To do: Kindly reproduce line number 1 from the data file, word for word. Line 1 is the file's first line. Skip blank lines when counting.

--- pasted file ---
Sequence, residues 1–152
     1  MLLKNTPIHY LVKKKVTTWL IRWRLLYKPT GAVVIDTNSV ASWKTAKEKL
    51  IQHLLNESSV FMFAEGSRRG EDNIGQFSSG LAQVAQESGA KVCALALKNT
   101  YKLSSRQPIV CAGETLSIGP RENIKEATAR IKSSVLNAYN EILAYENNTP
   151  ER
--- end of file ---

Sequence, residues 1–152